Millions of dollars for the University of Missouri were on the chopping block Thursday as the Missouri House of Representatives voted to approve $8.6 million in cuts to the system.
After months of controversy and unrest within the college system, the Missouri House decided it was time to take drastic measures.
State Rep. Jay Barnes, (R) of Jefferson City said, “What I’ve watched for 7 months is my double-alma mater dragged through the muck on the national news … and I think a large part of it was the university’s own doing.”
State Rep. Karla May, (D) of St. Louis: “We have a responsibility to lead them to eradicate inequality on any campus in this state.”
Instead of the usual increase of state funds, the House approved slashing the UM system’s budget by $8.6 million. That’s about 2% of what the system gets from the state.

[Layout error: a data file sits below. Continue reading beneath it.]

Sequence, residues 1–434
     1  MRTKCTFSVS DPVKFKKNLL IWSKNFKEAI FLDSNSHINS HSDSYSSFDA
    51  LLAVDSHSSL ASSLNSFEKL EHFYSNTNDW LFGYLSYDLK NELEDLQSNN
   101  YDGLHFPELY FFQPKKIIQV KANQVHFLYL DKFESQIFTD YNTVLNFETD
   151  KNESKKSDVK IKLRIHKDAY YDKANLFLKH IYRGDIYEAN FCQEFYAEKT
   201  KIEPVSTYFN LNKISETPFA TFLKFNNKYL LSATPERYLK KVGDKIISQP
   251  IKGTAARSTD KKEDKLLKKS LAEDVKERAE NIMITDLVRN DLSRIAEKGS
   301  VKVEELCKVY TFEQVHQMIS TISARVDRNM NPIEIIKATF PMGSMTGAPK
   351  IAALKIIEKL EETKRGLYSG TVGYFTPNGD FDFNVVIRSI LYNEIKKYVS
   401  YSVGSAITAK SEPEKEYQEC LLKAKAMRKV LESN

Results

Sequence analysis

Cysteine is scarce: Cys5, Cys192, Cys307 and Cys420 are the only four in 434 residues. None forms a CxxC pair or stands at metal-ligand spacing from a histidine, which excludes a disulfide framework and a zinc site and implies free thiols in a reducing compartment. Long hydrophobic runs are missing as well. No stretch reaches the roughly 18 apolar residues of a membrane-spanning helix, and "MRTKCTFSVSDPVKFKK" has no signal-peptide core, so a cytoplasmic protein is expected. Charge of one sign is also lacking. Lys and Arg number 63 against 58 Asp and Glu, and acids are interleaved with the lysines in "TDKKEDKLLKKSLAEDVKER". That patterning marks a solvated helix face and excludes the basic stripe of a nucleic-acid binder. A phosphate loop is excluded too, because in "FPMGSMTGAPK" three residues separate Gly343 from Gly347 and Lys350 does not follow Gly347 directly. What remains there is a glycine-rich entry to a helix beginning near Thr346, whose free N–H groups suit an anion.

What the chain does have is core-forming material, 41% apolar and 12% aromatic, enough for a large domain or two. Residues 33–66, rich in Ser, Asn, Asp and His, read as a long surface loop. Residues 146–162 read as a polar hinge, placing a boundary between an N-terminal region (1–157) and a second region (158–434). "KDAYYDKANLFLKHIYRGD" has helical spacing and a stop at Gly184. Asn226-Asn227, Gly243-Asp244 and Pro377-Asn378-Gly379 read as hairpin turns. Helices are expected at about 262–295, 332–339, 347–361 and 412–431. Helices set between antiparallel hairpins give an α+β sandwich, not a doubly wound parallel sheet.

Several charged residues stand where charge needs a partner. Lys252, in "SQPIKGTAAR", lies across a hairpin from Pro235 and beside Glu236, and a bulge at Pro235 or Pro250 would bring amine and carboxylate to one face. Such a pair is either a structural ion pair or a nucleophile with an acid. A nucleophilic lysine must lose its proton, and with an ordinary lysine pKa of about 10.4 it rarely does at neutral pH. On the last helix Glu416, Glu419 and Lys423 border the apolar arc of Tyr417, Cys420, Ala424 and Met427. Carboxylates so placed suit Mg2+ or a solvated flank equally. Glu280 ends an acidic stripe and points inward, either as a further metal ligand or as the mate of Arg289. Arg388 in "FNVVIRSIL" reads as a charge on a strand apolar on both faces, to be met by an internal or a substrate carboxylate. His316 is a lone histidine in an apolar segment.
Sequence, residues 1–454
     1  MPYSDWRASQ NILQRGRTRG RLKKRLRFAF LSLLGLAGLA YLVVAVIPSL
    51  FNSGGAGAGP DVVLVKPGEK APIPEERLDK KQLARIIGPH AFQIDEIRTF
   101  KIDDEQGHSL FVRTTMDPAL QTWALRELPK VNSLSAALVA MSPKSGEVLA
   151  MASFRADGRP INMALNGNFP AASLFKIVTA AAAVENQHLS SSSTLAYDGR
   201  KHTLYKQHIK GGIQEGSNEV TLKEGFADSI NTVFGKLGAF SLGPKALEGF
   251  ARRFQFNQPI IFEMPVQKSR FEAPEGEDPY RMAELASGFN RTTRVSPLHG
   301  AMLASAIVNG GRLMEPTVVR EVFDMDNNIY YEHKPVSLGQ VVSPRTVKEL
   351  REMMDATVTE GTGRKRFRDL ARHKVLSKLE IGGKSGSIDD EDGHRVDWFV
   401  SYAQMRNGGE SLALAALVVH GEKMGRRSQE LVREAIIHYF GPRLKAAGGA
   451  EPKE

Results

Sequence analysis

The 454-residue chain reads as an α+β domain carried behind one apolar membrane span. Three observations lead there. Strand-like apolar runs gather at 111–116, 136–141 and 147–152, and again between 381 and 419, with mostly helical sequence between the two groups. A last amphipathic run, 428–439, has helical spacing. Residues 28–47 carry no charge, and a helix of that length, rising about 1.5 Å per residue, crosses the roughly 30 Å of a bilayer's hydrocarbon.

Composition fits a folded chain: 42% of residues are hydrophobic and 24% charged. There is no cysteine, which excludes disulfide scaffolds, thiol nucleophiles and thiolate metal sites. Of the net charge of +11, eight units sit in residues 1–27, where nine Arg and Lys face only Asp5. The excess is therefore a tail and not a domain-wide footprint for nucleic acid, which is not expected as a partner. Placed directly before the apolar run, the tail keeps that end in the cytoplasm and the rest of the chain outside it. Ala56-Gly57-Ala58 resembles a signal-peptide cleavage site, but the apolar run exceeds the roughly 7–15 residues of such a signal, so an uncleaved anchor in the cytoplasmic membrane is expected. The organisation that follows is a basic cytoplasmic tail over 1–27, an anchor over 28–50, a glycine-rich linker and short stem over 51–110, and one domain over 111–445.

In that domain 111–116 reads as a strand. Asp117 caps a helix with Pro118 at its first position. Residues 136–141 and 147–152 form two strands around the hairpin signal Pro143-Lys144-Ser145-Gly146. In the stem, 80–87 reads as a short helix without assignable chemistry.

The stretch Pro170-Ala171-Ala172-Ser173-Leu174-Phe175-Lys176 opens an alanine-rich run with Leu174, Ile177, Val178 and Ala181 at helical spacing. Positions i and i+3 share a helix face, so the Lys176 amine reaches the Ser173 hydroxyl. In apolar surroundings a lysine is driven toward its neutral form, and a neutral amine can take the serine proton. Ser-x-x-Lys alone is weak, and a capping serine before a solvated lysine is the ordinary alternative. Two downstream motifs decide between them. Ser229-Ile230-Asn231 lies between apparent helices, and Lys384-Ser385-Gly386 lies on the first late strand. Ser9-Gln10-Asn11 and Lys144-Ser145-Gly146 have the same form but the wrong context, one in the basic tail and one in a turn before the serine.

“They think that changes need to be made,” said Speaker Pro Tem Denny Hoskins, (R) of Warrensburg, “One of the ways to do those changes here in the general assembly is through power of the purse. So, we are the ones who decide how to appropriate those funds.”
The UM system is now facing more than a 2% cut in state funding. It anticipates next year’s enrollment to be about 1,500 fewer students than this year. Some lawmakers say all that lost revenue will affect the wrong people.
State Rep. Chuck Basye, (R) of Rocheport said, “These budget cuts are not gonna hit the intended target. Lower-paid employees and the students I think they’re gonna feel the worst of it.”
“They’re gonna be felt by students in the way of decreased educational opportunities they’re gonna be felt by the low lower income university employees, there’s gonna be a hiring freeze,” said State Rep. Stephen Webber, (D) of Columbia.
Many representatives on both sides of the aisle believe that $8.6 million budget cut could manifest itself in higher tuition rates.
This year, the UM Board of Curators postponed their tuition discussion that usually takes place in February.